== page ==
Yue on September 1 took up a three-year chairmanship at the BIS Meeting of Governors from Major Emerging Market Economies (EMEs), replacing former deputy governor of the Brazilian central bank Luiz Awazu Pereira da Silva, who retired from the post, according to a statement of BIS earlier this week.
Since 1998, Hong Kong has been the Asia-Pacific regional office of BIS, which is known as a bank for the central banks. The Basel, Switzerland-based institution was founded in 1930 with 63 shareholding central banks to support their pursuit of monetary and financial stability and international cooperation.
“BIS is an important international organisation for central banks worldwide,” said Chan Tsz-Ching, a senior adviser for Bank of East Asia and former Hong Kong head of Citigroup. “The appointment showed its endorsement of Hong Kong’s ability to lead international cooperation among emerging markets.”
“Hong Kong needs to work hard to perform in its new leadership role in the international organisation to strengthen its role as a connector between mainland China and the world,” he said.
Yue’s assumption of the key role at BIS comes ahead of several international meetings to be held in Hong Kong, a city that is keen to show the rest of the world that it is back to normal after three years of disruptions caused by the Covid-19 pandemic.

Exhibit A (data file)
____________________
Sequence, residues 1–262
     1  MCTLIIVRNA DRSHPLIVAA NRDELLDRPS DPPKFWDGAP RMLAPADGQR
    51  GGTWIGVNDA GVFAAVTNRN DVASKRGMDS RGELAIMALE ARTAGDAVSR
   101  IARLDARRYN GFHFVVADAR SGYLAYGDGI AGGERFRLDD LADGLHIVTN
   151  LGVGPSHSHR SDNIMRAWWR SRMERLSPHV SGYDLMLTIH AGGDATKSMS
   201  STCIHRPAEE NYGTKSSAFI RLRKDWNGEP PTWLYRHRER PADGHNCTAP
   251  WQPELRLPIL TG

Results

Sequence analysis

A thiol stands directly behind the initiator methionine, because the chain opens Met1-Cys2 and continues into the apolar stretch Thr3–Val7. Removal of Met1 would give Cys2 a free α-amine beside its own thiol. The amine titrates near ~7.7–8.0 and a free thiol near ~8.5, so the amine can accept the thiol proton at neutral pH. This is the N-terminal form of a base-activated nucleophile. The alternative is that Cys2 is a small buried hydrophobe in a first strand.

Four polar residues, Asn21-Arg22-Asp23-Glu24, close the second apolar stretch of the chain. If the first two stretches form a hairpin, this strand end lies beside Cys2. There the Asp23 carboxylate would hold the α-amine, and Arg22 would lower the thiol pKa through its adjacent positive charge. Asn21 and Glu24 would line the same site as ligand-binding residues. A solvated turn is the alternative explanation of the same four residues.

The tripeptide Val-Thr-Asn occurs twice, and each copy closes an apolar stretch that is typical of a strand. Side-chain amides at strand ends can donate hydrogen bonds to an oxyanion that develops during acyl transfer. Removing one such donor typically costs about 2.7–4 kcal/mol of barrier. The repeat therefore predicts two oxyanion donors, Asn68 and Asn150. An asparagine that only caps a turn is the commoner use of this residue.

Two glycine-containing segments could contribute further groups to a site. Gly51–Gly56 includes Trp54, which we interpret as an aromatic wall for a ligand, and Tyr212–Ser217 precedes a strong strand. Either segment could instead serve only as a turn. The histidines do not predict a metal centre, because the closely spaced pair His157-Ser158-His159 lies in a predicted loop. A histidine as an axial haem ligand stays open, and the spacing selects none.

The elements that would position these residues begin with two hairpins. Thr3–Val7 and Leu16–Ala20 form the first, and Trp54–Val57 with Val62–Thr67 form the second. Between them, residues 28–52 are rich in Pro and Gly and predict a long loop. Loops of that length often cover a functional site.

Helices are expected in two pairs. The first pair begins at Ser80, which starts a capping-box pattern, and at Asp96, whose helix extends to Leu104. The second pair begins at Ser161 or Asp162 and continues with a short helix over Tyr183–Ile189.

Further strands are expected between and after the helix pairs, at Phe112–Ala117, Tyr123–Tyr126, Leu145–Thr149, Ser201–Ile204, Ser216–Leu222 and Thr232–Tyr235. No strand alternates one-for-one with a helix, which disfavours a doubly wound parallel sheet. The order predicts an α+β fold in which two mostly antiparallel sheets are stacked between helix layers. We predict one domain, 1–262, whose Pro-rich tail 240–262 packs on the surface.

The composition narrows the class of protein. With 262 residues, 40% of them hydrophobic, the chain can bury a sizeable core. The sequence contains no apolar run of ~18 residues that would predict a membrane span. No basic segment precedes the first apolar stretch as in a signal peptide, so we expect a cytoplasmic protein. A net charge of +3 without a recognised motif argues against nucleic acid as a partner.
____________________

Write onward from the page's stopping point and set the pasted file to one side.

The second-day highlight will be an investment forum at the Ritz-Carlton in western Kowloon, featuring major political figures from former governor of the People’s Bank of China Zhou Xiaochuan to former German chancellor Gerhard Schroder, as well as finance heavyweights like BlackRock vice-chairman Mark McCombe and Oaktree Capital Management managing director Robert O’Leary.
“Emerging market economies are playing an increasingly important role in the global economy and international financial system,” Yue said in a statement on Tuesday. “The BIS EME Governors Meeting provides a useful venue for major EMEs across the world to exchange views on pertinent economic and financial issues.”
Yue said he would work with other EME governors from Asia, Europe, Latin America, the Middle East and Africa “to promote economic development and monetary and financial stability”.
The BIS EME Governors Meetings are held three times a year to discuss economic and financial developments, as well as other policies of central banks.
“Mr Yue’s new role will uplift Hong Kong’s position among global central banks,” said Wilson Chan Fung-cheung, associate director of City University of Hong Kong’s master of business administration programme. “It shows the BIS has confidence that Hong Kong can act as a hub for international central banks to cooperate in setting key policies for the world.”
“Mr Yue is also expected to further promote Hong Kong as an offshore yuan trading centre at the BIS, which has always supported the internationalisation of the yuan,” said Chan, who had been a veteran banker in the city for over 20 years.
The BIS Innovation Hub, which conducts research into new financial products, including central bank digital currencies, is also located in Hong Kong.
The news is published by EMEA Tribune & SCMP